Home

Quick Links

Legal & Sitemap

navigation
Home > Trends & Insights > Should SEC Filings Name the Lead Audit Partner?

Article

 

Saturday, September 5, 2015

Should SEC Filings Name the Lead Audit Partner?


The Public Company Accounting Oversight Board (PCAOB) has unanimously decided to ask for extra comments on a controversial proposal that would require disclosure of the name of the lead audit partner and other participating firms in an audit. PCAOB Release No. 2013-009, Improving the Transparency of Audits: Proposed Amendments to PCAOB Auditing Standards to Provide Disclosure in the Auditor’s Report of Certain Participants in the Audit, pits investors against auditors. Audit clients are caught somewhere in the middle of this ongoing debate.

Naming audit lead partners
Many investors say publicizing lead audit partner names will raise accountability among auditors, make them more careful in their work and provide an incentive to resist pressure from clients to bend accounting standards. Investors also will be able to track an individual partner’s work over time.

However, auditors generally oppose putting the lead partner’s name in the auditor’s report, because partners are accountable to multiple parties, and the disclosure will only raise their liability risks under securities laws. In turn, such increased liability risks could translate into higher audit fees.

If the lead partner’s name has to be disclosed at all, auditors prefer that it appear in the annual forms they submit to the PCAOB or in proxy filings, which are governed by SEC rules.

Debating an alternate form
The PCAOB wants public input on an alternate disclosure of the lead audit partner’s name and the names of other participating firms on a new form. It would be called “Form AP — Auditor Reporting of Certain Audit Participants.”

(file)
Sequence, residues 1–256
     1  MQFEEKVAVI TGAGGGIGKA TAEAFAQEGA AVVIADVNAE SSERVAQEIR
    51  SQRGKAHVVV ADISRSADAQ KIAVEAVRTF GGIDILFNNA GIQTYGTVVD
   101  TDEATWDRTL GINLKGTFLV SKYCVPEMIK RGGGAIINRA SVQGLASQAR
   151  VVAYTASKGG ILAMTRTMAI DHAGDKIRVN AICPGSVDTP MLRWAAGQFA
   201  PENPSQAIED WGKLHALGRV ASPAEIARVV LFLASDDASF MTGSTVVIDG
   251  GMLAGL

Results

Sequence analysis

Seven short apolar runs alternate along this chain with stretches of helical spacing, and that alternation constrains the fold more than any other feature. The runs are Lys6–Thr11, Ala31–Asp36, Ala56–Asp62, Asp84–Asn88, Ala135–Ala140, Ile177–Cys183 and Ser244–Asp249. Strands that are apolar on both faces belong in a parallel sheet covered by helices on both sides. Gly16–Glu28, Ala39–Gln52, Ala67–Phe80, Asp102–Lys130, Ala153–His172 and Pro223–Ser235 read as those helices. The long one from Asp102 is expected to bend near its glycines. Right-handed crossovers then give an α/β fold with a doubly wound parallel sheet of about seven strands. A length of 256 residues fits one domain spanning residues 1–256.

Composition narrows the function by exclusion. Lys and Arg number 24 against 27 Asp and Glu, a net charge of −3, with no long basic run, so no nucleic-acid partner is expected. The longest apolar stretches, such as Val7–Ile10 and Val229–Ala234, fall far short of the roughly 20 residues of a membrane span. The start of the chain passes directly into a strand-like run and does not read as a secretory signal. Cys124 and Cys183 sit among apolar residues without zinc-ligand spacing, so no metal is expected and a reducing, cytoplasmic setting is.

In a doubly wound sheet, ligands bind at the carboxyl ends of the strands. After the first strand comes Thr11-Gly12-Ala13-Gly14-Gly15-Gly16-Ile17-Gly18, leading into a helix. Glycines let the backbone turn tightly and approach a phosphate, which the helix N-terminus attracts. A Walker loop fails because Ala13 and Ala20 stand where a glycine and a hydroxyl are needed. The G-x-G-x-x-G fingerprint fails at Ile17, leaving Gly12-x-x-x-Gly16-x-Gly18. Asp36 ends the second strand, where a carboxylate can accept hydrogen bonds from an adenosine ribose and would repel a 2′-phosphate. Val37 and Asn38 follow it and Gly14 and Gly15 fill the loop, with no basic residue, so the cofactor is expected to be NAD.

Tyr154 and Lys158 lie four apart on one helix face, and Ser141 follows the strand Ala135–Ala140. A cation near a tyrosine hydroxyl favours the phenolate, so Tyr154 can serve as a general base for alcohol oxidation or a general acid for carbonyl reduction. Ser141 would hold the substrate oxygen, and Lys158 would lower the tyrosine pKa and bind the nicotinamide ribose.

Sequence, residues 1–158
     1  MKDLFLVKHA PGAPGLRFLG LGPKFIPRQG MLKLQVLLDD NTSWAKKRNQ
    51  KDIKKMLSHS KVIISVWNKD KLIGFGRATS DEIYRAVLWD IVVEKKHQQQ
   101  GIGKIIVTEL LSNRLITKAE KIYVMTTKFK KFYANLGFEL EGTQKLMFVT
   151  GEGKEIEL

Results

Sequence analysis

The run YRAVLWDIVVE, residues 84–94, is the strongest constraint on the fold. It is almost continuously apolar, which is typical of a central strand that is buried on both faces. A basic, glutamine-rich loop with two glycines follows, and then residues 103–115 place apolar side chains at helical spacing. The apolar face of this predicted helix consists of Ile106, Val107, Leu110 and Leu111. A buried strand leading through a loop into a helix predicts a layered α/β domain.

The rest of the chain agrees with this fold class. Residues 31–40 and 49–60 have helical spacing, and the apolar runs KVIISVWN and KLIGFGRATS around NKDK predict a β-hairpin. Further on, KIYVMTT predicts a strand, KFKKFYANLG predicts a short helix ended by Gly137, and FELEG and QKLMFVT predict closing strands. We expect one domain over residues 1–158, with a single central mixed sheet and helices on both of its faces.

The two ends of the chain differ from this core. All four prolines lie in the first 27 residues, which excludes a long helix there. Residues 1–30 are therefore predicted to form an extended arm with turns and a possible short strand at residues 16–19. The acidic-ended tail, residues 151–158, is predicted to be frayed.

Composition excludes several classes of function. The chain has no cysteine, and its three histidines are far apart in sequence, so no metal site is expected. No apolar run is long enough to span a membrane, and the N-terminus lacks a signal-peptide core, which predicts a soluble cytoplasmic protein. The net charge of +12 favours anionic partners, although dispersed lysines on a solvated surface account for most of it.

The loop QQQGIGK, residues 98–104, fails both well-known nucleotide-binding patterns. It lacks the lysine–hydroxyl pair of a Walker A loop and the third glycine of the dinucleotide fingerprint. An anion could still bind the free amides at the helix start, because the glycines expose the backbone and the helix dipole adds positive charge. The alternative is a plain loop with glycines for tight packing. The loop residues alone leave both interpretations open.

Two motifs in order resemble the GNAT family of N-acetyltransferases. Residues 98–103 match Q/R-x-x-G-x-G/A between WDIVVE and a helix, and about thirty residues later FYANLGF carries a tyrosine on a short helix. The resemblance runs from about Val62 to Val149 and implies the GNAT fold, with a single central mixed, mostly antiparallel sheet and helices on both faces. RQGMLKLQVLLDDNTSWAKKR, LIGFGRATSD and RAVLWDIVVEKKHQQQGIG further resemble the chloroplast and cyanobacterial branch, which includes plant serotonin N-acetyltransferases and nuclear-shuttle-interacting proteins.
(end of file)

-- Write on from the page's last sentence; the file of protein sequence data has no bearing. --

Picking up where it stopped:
“A cornerstone of our effort to provide investors [with] more information about the audit and the auditors who conduct them is our consideration of disclosure to investors of the identity of the engagement partner and other firms that conduct an audit,” said PCAOB Chairman James Doty. “Knowing the identity of the engagement partner plays a key role in investor confidence and capital formation in those jurisdictions where it is provided to investors. Form AP is a middle ground approach that would provide investors this disclosure in a manner that responds to auditors’ concerns about risk.”

If the lead partner has to consent to her or his name appearing in an audit report, it could delay submission of some regulatory filings while the company obtains the consent. In addition, the PCAOB has proposed that companies be required to complete Form AP within 30 days of filing the auditor’s report. A shorter deadline of 10 days would apply to initial public offerings. The board believes disclosure in a new form would address audit firms’ concerns about liability and the delay between filing the audit report and filing Form AP.

But a new form means that an investor must go to another place outside the audit report to locate the lead partner’s name. This extra step could become burdensome because users would be forced to look elsewhere to obtain all the pertinent information about the audit. Although PCAOB annual forms are available to the public in a searchable database on the PCAOB’s website, they rarely get as much scrutiny as company SEC filings.

Considering proposals in tandem
Comments to the PCAOB’s proposed alternate disclosure format are due August 31. In the meantime, the SEC is planning to issue a concept release to get comments on potential enhancements to the audit committee reports. It’s expected to include the name of the engagement partner.

“Because the issues to be explored by the SEC may overlap … I urge commenters to consider our projects together, and to provide us with feedback on how we should best balance the disclosures to be provided by auditors and those to be provided by audit committees,” said PCAOB member Jay Hanson.

COMMENTS

comments powered by Disqus